The initial assessment of a blood test to help diagnose major depressive disorder indicates it may become a useful clinical tool.
In a paper published in the journal Molecular Psychiatry, a team including Harvard-affiliated Massachusetts General Hospital (MGH) researchers reports that a test analyzing levels of nine biomarkers accurately distinguished patients diagnosed with depression from control participants without significant false-positive results.
“Traditionally, diagnosis of major depression and other mental disorders has been made based on patients’ reported symptoms, but the accuracy of that process varies a great deal, often depending on the experience and resources of the clinician conducting the assessment,” says George Papakostas of the MGH Department of Psychiatry and an associate professor of psychiatry at Harvard Medical School, lead and corresponding author of the report. “Adding an objective biological test could improve diagnostic accuracy and may also help us track individual patients’ response to treatment.”
The study authors note that previous efforts to develop tests based on a single blood or urinary biomarker did not produce results of sufficient sensitivity, the ability to detect the tested-for condition, or specificity, the ability to rule out that condition. “The biology of depression suggests that a highly complex series of interactions exists between the brain and biomarkers in the peripheral circulation,” says study co-author John Bilello, chief scientific officer of Ridge Diagnostics, which sponsored the current study. “Given the complexity and variability of these types of disorders and the associated biomarkers in an individual, it is easy to understand why approaches measuring a single factor would not have sufficient clinical utility.”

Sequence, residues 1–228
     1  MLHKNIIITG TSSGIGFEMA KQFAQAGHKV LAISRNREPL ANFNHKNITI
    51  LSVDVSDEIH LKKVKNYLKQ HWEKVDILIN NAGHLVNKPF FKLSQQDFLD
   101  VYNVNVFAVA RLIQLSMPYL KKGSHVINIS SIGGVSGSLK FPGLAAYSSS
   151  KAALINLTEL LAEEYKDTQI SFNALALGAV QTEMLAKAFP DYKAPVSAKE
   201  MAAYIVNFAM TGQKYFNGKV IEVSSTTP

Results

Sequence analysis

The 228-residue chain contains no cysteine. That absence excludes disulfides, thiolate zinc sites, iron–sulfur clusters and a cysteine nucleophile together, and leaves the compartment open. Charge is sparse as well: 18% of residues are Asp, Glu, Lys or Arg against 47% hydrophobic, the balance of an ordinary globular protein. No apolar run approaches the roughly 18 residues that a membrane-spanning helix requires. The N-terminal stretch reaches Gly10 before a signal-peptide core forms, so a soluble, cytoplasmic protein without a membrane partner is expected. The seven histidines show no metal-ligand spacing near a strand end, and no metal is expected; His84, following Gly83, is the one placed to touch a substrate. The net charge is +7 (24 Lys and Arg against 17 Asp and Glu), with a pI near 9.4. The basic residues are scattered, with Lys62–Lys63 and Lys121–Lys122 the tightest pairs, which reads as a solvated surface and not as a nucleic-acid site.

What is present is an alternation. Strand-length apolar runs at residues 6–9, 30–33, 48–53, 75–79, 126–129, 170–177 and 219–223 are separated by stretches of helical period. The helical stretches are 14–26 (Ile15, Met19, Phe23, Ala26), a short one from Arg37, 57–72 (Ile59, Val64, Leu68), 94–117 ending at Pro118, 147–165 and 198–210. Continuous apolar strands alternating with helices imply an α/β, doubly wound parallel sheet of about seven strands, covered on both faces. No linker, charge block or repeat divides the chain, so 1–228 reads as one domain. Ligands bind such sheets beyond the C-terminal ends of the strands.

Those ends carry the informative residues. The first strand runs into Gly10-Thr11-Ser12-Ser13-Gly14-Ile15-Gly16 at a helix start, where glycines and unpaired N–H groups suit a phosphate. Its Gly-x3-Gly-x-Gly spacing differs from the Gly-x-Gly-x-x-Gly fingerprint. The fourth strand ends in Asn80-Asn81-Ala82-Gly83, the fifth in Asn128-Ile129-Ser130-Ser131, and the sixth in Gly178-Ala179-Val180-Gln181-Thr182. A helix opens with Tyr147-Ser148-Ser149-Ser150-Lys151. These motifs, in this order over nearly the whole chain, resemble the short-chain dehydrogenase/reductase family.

The test developed by Ridge Diagnostics measures levels of nine biomarkers associated with factors such as inflammation, the development and maintenance of neurons, and the interaction between brain structures involved with stress response and other key functions. Those measurements are combined using a specific formula to produce a figure called the MDDScore — a number from 1 to 100 indicating the percentage likelihood that the individual has major depression. In clinical use the MDDScore would range from 1 to 10.
The initial pilot phase of the study enrolled 36 adults who had been diagnosed with major depression at the MGH, Vanderbilt University, or Cambridge Health Alliance in Cambridge, Mass., along with 43 control participants from St. Elizabeth’s Hospital in Brighton, Mass. MDDScores for 33 of the 36 patients indicated the presence of depression, while only eight of the 43 controls had a positive test result. The average score for patients was 85, while the average for controls was 33. A second replication phase enrolled an additional 34 patients from the MGH and Vanderbilt, 31 of whom had a positive MDDScore result. Combining both groups indicated that the test could accurately diagnose major depression with a sensitivity of about 90 percent and a specificity of 80 percent.
“It can be difficult to convince patients of the need for treatment based on the sort of questionnaire now used to rank their reported symptoms,” says Bilello. “We expect that the biological basis of this test may provide patients with insight into their depression as a treatable disease rather than a source of self-doubt and stigma. As we accumulate additional data on the MDDScore and perform further studies, we hope it will be useful for predicting treatment response and helping to select the best therapies.”
Papakostas adds, “Determining the true utility of this test will require following this small research study with larger trials in clinical settings. But these results are already providing us with intriguing new hints on how powerfully factors such as inflammation — which we are learning has a major role in many serious medical issues — contribute to depression.”